United States District Court, S.D. Mississippi, Southern Division
MEMORANDUM OPINION AND ORDER GRANTING DEFENDANT'S
MOTION FOR SUMMARY JUDGMENT
Guirola, Jr. Chief United Stares District Judge
THE COURT is Defendant Felders Services, LLC's Motion for
Summary Judgment . Plaintiff LaTonya McCullom did not
file a response to the Motion. Having considered the Motion
and the applicable law, the Court is of the opinion that the
Motion should be granted.
a black female, filed this Title VII action against Felders
claiming that she was wrongfully terminated on the basis of
race. McCullom worked as a dietary manager at Driftwood
Nursing Center. In March 2016, Felders became McCullom's
apparent employer when it took control of the dietary
department at the nursing center. Shortly thereafter, Felders
released McCullom from her position and hired LaVoughn
Stokes, a white male, to replace McCullom.
claims it replaced McCullom with Stokes because it could not
wait one year for McCullom to complete the course for
certification as a dietary manager, which Stokes had already
completed. In addition, Stokes had more than 20 years of food
service experience, including military training as a cook,
which McCullom has now effectively admitted was more
experience than she had. In its Motion, Felders argues that
no genuine issue of material fact remains in the case, and
requests judgment matter of law in its favor.
motion for summary judgment shall be granted "if the
movant shows that there is no genuine dispute as to any
material fact and the movant is entitled to judgment as a
matter of law." Fed.R.Civ.P. 56(a). In reviewing a
motion for summary judgment, the Court views the evidence in
the light most favorable to the non-movant. Abarca v.
Metro, Transit Auth., 404 F.3d 938, 940 (5th Cir. 2005).
Even so, "[t]he non-movant must go beyond the pleadings
and come forward with specific facts indicating a genuine
issue for trial to avoid summary judgment." See
id. Summary judgment is appropriate if the
non-movant fails to make a showing sufficient to establish
the existence of an element essential to that party's
case and on which that party has the burden of proof at
trial. Fed.R.Civ.P. 56(e); Celotex Corp. v. Catrett,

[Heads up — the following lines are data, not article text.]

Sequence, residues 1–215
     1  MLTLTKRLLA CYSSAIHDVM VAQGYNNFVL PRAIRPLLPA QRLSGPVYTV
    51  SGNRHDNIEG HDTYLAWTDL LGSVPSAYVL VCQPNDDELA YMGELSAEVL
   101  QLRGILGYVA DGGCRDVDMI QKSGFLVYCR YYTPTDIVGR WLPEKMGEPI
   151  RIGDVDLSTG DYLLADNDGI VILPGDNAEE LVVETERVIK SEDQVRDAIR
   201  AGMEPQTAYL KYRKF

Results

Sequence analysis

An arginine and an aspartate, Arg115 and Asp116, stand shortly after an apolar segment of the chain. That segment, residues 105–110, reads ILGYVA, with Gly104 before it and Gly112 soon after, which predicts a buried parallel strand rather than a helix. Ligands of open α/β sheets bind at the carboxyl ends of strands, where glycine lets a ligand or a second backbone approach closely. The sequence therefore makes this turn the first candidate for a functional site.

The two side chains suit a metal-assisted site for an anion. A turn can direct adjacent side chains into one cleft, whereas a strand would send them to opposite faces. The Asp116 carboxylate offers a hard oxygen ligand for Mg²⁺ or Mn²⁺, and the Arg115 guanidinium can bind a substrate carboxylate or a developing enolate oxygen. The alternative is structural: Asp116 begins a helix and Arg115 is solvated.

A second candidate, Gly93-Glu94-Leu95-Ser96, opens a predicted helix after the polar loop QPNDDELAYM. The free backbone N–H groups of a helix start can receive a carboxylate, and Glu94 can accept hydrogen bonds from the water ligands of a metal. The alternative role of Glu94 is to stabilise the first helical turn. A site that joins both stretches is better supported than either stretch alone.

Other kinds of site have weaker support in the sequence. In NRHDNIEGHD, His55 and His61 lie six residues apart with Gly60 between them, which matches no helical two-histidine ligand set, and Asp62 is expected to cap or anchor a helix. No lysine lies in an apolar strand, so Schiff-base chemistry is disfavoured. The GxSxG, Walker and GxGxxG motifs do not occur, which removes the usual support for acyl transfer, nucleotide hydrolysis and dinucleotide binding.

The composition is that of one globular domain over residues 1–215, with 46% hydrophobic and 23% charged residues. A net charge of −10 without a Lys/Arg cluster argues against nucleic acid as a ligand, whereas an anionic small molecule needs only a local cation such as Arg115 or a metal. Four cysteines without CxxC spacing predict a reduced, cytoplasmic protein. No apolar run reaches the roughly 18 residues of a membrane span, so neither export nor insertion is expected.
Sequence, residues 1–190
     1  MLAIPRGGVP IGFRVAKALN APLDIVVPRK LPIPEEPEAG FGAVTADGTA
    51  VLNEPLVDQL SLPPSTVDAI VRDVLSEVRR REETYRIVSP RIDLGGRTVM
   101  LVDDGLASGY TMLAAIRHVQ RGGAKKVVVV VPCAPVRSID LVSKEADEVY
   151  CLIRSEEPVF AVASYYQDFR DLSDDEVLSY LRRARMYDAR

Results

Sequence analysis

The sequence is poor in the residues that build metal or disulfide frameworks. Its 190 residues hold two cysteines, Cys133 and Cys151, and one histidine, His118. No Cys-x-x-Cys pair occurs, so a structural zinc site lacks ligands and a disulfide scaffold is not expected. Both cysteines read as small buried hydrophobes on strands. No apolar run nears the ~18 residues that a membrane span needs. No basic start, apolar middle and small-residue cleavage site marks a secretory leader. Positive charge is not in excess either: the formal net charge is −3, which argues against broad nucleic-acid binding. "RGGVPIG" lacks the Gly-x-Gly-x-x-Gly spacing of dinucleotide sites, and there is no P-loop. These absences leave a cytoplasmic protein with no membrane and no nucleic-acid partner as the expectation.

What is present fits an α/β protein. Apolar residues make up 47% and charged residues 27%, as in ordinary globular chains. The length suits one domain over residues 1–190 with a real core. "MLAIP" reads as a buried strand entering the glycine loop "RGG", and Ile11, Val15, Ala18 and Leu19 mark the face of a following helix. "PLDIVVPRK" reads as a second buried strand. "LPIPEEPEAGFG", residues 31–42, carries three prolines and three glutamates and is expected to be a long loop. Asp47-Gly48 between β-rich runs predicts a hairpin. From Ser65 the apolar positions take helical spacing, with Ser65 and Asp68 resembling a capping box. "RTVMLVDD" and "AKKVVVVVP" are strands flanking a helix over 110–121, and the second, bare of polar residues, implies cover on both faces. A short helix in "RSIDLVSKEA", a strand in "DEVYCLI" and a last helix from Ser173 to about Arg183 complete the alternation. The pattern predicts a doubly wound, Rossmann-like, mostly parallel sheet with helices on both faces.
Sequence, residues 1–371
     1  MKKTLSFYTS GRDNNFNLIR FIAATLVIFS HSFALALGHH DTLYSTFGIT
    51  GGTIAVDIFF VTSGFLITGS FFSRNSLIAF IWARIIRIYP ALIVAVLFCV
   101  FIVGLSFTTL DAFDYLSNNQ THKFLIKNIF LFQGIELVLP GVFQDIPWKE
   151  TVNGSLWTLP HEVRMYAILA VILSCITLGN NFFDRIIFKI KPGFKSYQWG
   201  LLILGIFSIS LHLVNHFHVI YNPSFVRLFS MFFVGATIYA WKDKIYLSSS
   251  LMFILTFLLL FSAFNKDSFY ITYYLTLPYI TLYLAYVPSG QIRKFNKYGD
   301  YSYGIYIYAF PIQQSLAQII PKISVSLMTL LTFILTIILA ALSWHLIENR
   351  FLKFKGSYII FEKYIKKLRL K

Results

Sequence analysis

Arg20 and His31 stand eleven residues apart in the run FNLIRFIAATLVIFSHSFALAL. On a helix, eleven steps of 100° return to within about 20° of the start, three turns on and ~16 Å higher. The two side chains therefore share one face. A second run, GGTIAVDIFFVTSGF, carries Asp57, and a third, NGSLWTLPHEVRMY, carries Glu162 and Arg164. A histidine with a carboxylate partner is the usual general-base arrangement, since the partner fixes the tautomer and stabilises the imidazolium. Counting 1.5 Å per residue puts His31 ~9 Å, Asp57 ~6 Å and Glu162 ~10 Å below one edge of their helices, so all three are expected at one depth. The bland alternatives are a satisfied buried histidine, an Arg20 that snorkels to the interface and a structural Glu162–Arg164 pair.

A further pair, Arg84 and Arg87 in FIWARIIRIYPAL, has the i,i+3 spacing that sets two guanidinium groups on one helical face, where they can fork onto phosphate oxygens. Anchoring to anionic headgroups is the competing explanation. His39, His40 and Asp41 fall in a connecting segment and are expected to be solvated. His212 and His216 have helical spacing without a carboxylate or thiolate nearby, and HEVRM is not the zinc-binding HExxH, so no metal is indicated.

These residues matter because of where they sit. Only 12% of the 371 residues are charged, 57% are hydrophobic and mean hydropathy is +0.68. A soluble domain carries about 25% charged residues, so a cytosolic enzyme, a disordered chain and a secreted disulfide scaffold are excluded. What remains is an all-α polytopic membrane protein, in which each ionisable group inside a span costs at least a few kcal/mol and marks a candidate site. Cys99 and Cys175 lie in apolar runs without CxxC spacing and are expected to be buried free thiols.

477 U.S. 317, 322 (1986).
has not submitted any argument or evidence in opposition to
Felders' Motion. Nevertheless, Felders bears the burden
of establishing the absence 'On December 27, 2016,
Felders sent interrogatories, requests for admissions, and
requests for production of documents to McCullom to be
answered within 30 days. McCullom, however, has failed to
respond to discovery. She also has not responded to a motion
to compel and this motion for summary judgment. Despite her
pro se status, McCullom is still bound to the
discovery and other respective deadlines. See, e.g., Hill
v. Breazle, 197 F.App'x 331, 336-37 (5th Cir. 2006).
of a genuine issue of material fact and, unless it has done
so, the Court may not grant the Motion, regardless of whether
any response was filed. Hibernia Nat'l Bank v.
Administration Cent Sociedad Anonima, 776 F.2d 1277,
1279 (5th Cir. 1985). But the Court will not, in the absence
of proof, assume that McCullom could or would prove the
necessary facts. See Little v. Liquid Air Corp., 37
F.3d 1069, 1075 (5th Cir. 1994). Indeed, "although the
pleadings filed by pro se parties are held to less stringent
standards than formal pleadings drafted by lawyers, ' pro
se parties must still comply with the rules of procedure and
make arguments capable of withstanding summary
judgment." Ogbodiegwu v. Wackenut Corr. Corp.,
202 F.3d 265, *2 (5th Cir. 1999) (citing Haines v.
Kerner, 404 U.S. 519, 520 (1972); Grant v.
Cellular, 59 F.3d 523, 524 (5th Cir. 1995)); see
also Oviedo v. Lowe's Home Improvement, Inc., 184
F.App'x 411, 413 (5th Cir. 2006).
assuming McCullom could make a prima facie Title VII
case, Felders has articulated at least one legitimate,
non-discriminatory reason for McCullom's termination that
remains unrebutted by McCullom. See Outley v. Luke &
Assocs., 840 F.3d 212, 216 (5th Cir. 2016). In
particular, due to her continued failure to respond to
Felders' request for admissions, pursuant to Fed.R.Civ.P.
36(a)(3), McCollum has admitted that Stokes had
"superior food service and dietary management
experience" and "was closer to certification."
(Defs.' Req. for Admissions, ECF No. 16-1). See,
e.g., Wallace v. Tex. Tech Univ., 80 F.3d 1042, 1048
(5th. Cir. 1996) (uncontroverted evidence that employment
decisions were based on experience was sufficient to
establish an absence of a material fact on the issue of
discriminatory motive); Tillman v. S. Wood Preserving of
Hattiesburg, Inc., 250 F.App'x 622, 625 (5th Cir.
2007) (differences in levels of experience is a legitimate,
nondiscriminatory explanation); Henry v. Continental
Airlines, No. H-09-cv-02420, 2010 WL 3604516, at *9-10
(S.D. Tex. Sept. 9, 2010) (recognizing past experience as a
legitimate, non-discriminatory reason for hiring other
Felders established at least one legitimate,
non-discriminatory reason for McCullom's termination, the
burden shifted to McCullom to show that the reason was a
pretext for discrimination. See Outley, 840 F.3d at
218. To satisfy this burden, McCullom had to provide
sufficient evidence to rebut each of Felders' legitimate,
non-discriminatory reasons for her termination, including
Stokes' superior experience. Jackson v. Watkins,
619 F.3d 463, 467 (5th Cir. 2010) ("Accordingly, Jackson
cannot withstand summary judgment without providing
sufficient evidence to rebut each of Watkins's
nondiscriminatory reasons. He has not done so.").
However, McCullom has offered no evidence to rebut any of
Felder's proffered reasons. Therefore, summary judgment
in favor of Felders is proper. See Outley, 840 F.3d
THEREFORE ORDERED AND ADJUDGED that the  Motion for
Summary Judgment filed by Defendant Felders Services, LLC is
GRANTED and Plaintiffs claims are DISMISSED ...